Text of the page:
Around the world, an unprecedented amount of venture capital is flowing into ride-, bike-, and home-sharing startups, hence, they have been able to scale with astonishing speed. Reflecting this abundance of funding, these categories dominate and define the public picture of Travel & Mobility Tech.
There is another category in Travel and Mobility Tech, however, that likewise emerges from the omnipresent sharing economy and marketplaces — Tours & Activities. While this category is only starting to gain interest in the rest of the world, Asia has long been the global driving force of this category.
A brief introduction to Tours & Activities in Asia
Over the years, there has been a significant shift in consumerism from physical goods to services and experiences. Thus, 72 percent of U.S. consumers say they would like to increase their spending on experiences rather than material things in the next year. This is the experience economy — and travel is a vital part of it. Travelers want to have memorable, and life-changing experiences. For this reason, global travelers have been adjusting their budgets to include more experiences. German travelers are a prime example: They already spend more money on experiences than on transportation.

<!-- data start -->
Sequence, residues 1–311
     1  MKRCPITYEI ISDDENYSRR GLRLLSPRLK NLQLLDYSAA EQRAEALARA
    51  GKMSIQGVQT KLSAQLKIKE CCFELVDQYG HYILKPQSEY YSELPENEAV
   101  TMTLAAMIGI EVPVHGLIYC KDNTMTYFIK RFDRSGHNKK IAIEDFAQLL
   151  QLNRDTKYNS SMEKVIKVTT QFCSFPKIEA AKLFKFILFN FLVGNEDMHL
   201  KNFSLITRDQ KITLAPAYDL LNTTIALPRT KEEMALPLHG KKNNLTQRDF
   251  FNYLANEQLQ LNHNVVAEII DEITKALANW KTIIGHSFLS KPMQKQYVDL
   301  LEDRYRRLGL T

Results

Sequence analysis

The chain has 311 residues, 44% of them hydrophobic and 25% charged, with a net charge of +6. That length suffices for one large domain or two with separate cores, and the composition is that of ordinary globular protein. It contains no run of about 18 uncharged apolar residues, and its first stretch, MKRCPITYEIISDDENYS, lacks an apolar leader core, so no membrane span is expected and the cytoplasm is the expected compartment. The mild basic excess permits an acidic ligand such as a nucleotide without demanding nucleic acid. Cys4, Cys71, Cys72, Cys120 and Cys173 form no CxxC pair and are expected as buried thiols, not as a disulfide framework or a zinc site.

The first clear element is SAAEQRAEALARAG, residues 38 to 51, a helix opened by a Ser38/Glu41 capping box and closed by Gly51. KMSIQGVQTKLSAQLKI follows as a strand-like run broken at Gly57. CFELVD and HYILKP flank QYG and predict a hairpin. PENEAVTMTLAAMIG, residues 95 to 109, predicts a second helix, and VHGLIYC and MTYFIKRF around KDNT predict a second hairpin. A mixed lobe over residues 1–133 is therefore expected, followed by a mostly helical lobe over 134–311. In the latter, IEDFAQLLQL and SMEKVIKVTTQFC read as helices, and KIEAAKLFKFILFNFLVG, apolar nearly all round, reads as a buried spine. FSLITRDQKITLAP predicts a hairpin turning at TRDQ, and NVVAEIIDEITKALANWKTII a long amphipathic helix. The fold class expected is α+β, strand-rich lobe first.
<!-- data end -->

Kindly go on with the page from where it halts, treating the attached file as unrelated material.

In 2017, Asia-Pacific had 324 million international tourist arrivals — a 6 percent growth rate, which is expected to continue in 2018. Additionally, tourist spending in the Asia-Pacific region outpaces other regions in the world.
At the moment, we see growing interest from industry giants as Booking.com, Expedia, Marriott and, first and foremost, Airbnb — making this must-watch category essential for anyone in Travel & Mobility Tech. Industry experts are shifting their focus towards Asia trying to understand the dynamics driving this category.